On June 10, the Federal Motor Carrier Safety Administration (FMCSA) published a notice seeking public comments to help it develop guidance clarifying the definitions of “broker” and “bona fide agents.” The guidance is intended to address whether the agency regulates as brokers trucking businesses that provide electronic load board services, dispatch services, and other intermediary services. The comments are due July 11.

Questions have arisen about whether entities that provide dispatch services should qualify as bona fide agents and whether entities in the trucking industry that operate electronic load board services or have adopted other novel business models qualify as brokers. In fact, the FMCSA’s notice states that the agency has received many requests about the broker definition and has become aware of “significant stakeholder interest in FMCSA’s unauthorized brokerage enforcement.” Also, Congress has directed the FMCSA to issue guidance clarifying its definitions in 49 CFR 371.2 of the terms “broker” and “bona fide agents” by November 15, considering the extent to which dispatch-service providers are brokers or bona fide agents and the extent to which technology has changed the nature of freight brokerage.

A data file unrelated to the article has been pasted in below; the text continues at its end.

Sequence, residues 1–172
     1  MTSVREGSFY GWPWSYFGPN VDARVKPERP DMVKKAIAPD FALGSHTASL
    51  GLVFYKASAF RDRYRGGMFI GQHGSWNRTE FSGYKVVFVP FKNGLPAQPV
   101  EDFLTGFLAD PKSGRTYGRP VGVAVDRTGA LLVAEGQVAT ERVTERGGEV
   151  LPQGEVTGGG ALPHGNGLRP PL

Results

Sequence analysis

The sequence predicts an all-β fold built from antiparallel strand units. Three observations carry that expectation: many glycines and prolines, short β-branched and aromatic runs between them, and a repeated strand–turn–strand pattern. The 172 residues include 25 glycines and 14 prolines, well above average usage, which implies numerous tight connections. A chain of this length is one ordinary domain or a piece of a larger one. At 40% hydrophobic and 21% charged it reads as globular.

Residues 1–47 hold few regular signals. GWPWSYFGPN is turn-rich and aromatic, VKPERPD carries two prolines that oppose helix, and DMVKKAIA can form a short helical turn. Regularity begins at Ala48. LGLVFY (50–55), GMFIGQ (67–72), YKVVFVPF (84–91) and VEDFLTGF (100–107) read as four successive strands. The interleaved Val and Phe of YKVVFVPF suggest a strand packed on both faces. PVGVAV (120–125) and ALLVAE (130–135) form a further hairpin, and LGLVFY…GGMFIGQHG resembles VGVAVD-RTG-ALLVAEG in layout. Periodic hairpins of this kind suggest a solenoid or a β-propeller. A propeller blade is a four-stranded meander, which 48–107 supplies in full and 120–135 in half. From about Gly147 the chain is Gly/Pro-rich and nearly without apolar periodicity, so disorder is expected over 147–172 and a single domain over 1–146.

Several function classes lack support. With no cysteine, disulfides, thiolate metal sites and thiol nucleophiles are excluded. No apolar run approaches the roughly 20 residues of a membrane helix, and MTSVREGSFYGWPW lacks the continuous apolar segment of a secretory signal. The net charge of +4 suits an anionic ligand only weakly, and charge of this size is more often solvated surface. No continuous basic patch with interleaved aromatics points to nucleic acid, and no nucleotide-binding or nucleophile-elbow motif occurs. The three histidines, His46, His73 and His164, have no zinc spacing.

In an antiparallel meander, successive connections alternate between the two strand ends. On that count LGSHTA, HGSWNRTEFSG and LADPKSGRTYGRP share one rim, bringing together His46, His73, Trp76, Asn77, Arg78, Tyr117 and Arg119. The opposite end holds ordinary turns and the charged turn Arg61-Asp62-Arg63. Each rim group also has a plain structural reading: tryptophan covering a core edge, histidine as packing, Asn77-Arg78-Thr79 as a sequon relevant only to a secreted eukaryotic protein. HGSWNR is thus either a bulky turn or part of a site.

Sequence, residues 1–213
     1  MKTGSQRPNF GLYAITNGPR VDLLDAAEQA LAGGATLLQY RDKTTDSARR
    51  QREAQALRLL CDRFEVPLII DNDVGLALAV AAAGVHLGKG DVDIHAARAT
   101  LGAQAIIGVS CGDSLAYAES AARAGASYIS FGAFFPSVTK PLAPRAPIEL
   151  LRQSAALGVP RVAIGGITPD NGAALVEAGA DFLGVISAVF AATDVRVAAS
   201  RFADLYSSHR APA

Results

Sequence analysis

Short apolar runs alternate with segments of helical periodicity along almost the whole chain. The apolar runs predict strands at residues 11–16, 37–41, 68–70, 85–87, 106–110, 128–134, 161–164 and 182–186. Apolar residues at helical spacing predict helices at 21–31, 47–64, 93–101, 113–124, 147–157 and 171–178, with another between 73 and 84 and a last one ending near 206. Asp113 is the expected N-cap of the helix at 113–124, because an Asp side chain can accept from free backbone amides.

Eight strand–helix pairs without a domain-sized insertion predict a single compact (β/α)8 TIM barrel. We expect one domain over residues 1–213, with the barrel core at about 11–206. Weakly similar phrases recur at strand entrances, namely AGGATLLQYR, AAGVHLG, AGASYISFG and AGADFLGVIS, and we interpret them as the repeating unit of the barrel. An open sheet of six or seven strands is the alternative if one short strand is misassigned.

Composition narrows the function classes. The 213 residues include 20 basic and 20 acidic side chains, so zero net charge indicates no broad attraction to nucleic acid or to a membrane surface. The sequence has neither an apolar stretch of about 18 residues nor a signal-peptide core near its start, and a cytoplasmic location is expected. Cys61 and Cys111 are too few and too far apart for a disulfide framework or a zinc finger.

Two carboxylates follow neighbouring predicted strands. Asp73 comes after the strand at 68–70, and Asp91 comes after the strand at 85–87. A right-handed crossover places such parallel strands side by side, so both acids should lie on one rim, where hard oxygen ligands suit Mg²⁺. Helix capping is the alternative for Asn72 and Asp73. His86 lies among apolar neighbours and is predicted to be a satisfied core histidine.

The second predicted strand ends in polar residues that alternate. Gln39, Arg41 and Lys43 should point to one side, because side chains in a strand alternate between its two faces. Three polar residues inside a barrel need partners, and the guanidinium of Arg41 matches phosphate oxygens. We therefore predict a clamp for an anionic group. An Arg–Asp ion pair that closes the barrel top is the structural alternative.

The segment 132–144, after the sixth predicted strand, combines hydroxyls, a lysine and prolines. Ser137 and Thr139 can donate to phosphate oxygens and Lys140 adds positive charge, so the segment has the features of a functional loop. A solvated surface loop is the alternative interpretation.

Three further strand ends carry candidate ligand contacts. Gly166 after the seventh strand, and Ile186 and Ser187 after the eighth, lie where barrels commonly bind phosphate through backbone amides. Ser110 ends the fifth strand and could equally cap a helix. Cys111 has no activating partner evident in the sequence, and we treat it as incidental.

Guidance on the definitions of broker and bona fide agent will likely have a significant impact on trucking intermediaries, especially those that use novel business models. The FMCSA requires brokers to have a $75,000 surety bond or trust fund and comply with recordkeeping rules, misrepresentation prohibitions, rebating and compensation limitations, accounting rules, and other requirements. But the agency does not regulate what it calls bona fide agents as brokers in certain circumstances where they perform what would otherwise be broker services. Depending on whether the agency expands or narrows the definitions of broker and bona fide agent, trucking intermediaries may see their compliance obligations change significantly, which could ultimately affect regulatory protections afforded shippers and the costs of intermediary services.

Interested parties, including shippers and intermediaries, may provide comments to the FMCSA to inform the future guidance. Specifically, the FMCSA’s June 10 notice invites responses to several important questions related to the future guidance, including:

  • What evaluation criteria should FMCSA use when determining whether a business model/entity meets the definition of a broker?
  • What are some examples of operations that do/do not meet the definition of a broker in the FMCSA regulations?
  • How should the term “dispatch service” be defined, and what should the agency consider when determining if a dispatch service needs broker operating authority?
  • Should electronic bulletin boards be considered brokers and be required to obtain broker operating authority?
  • Are there other business models/services that should be considered when clarifying the definition of broker?